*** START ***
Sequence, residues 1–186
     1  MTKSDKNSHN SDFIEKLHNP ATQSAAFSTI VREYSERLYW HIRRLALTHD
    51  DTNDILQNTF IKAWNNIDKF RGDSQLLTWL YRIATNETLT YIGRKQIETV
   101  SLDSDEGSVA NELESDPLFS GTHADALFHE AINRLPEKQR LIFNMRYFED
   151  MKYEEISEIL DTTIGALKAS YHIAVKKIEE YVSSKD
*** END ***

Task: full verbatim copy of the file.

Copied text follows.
Sequence, residues 1–186
     1  MTKSDKNSHN SDFIEKLHNP ATQSAAFSTI VREYSERLYW HIRRLALTHD
    51  DTNDILQNTF IKAWNNIDKF RGDSQLLTWL YRIATNETLT YIGRKQIETV
   101  SLDSDEGSVA NELESDPLFS GTHADALFHE AINRLPEKQR LIFNMRYFED
   151  MKYEEISEIL DTTIGALKAS YHIAVKKIEE YVSSKD